You might be wondering how we manage to do keep our produce fresh for the month. One example, is buying cabbage instead of lettuce because it keeps for +4 weeks and has better nutritional value. For bananas, we found that you can wrap the ends to extend the life by a week or so. Onions, potatoes, bell peppers, etc.. all keep just fine for several weeks. The only vegetable we found that doesn’t keep for the full four weeks is tomatoes. We usually just go without tomatoes the last week.
Take Action: Sign up for Walmart Grocery to start shopping online. Try reducing the number of times you go into the grocery store as each time you run the risk of picking up incidentals that were not part of your plan.
2. Fill your freezer
The natural side effect of fewer trips to the grocery store is buying in larger quantities. To make this work, you will need a system to preserve your fresh produce, fruit, and dairy.
My family, for instance, drinks five gallons of milk each month. To avoid our milk going spoiled, we separate four of the five gallons into half gallon pitchers and put them in the freezer. Similarly, we separate our lunch meat into zip-locks and freeze everything we do not need for the week.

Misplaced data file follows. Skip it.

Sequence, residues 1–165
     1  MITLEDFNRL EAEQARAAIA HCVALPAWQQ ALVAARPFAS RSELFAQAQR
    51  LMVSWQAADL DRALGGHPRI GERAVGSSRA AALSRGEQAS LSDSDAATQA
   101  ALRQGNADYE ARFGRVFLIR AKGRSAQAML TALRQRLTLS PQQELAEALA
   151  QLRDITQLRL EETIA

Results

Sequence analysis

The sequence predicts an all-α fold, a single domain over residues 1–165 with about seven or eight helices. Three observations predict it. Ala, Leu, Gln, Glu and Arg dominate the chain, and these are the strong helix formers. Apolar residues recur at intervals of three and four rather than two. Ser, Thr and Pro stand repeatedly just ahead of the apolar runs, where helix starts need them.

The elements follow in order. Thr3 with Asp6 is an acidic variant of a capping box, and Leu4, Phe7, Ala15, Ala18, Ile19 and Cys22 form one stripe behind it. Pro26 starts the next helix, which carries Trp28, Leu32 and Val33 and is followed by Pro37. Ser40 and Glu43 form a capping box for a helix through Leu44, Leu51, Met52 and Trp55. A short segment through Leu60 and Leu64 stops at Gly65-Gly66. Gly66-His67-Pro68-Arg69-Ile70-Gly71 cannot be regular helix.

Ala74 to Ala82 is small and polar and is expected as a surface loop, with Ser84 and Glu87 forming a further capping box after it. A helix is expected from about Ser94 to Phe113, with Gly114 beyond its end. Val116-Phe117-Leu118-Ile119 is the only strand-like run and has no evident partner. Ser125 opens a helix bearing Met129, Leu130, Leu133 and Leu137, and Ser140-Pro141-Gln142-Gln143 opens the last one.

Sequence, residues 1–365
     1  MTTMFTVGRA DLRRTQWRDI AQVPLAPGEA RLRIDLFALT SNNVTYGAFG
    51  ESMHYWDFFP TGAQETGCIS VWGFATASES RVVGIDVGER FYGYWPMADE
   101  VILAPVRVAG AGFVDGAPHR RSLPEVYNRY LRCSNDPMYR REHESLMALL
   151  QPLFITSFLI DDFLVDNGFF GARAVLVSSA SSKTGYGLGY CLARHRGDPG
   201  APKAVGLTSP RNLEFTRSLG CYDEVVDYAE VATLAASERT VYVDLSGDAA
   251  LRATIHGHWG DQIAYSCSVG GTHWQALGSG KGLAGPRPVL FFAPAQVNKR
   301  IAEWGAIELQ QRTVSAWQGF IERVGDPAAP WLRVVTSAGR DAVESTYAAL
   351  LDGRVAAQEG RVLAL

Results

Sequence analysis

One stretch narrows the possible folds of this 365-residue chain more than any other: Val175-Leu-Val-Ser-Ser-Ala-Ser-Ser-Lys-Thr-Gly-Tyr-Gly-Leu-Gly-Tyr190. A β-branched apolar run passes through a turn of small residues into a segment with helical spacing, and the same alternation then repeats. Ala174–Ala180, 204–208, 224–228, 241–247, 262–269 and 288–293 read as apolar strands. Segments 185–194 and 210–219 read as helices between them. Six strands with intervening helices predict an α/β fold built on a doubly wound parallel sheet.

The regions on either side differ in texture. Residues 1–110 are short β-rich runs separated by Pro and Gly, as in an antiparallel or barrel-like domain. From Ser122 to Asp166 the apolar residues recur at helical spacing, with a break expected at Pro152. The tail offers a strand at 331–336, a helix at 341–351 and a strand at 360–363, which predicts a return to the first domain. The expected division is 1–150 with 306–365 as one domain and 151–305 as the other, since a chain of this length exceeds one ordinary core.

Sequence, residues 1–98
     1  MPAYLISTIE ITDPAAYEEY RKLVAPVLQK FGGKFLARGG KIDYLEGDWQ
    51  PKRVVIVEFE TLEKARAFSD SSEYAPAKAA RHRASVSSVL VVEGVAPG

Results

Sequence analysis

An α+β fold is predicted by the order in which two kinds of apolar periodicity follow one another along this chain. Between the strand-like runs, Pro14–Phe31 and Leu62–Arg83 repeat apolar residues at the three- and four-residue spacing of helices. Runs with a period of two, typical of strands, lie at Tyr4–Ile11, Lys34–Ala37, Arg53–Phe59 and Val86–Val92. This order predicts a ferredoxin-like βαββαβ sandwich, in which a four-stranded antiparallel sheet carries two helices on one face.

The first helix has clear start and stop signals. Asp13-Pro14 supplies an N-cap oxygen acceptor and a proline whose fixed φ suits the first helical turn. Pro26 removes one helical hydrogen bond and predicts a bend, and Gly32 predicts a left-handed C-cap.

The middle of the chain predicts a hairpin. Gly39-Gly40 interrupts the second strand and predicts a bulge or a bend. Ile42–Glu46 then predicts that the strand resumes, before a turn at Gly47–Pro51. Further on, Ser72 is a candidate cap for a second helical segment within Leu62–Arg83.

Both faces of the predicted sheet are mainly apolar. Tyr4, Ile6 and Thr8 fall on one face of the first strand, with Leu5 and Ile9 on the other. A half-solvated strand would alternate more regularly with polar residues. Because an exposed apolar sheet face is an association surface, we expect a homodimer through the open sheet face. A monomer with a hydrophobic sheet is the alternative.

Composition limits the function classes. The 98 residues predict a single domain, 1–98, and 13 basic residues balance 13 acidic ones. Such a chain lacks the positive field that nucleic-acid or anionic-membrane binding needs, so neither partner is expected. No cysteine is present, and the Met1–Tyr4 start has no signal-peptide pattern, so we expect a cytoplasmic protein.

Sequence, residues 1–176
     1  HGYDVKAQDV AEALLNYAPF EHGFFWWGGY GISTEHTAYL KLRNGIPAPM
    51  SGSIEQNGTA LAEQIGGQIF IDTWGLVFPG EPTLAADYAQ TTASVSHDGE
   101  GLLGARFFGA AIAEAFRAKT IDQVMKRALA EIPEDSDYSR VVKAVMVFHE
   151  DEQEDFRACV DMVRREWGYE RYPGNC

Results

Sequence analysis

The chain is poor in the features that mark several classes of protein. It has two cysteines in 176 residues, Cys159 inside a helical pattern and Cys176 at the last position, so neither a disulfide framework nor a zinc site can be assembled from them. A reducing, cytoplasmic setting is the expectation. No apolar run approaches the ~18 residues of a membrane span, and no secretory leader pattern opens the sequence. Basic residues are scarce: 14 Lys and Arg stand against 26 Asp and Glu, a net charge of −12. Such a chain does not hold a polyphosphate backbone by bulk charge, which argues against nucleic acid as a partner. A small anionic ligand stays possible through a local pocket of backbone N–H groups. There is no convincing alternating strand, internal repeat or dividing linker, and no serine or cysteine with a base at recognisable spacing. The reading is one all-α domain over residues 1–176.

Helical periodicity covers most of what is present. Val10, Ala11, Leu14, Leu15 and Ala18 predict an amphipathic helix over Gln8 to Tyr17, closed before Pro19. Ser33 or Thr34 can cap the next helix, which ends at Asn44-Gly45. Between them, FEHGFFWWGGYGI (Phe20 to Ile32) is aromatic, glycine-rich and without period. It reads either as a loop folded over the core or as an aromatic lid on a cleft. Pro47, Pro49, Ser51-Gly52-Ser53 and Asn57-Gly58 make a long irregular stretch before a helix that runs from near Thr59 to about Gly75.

You can freeze bread, cheese, tortillas, and many other things and then selectively pull them out when you need them. As an example, when we need a new loaf of bread we pull one out of the freezer onto the counter. After it thaws, you cant tell the difference between it and a fresh loaf. Who knew right?
Take Action: Get a few half gallon pitchers to split and freeze your milk. This brand has served us well for many years.
3. Don’t shop for specific meals
A trap that the Pinterest culture and new cooks fall into is buying ingredients for individual / boutique meals. This is a super expensive way to do meal planning. The issue is, after you buy the Himalayan Pink Sea Salt, and the Mediterranean Broken Leaf Thyme for $10 each, you will never use them again! This drives the per meal cost way up and leaves you with racks and racks of unused spices.
Instead, you should have +10 recipes that you cycle through each month that use the same core set of seasonings, meats, and vegetables. Of course, you can change the rotation as certain foods fall out of favor or on special occasions. This is not to lock you in, but to help keep your food and meal planning consistent.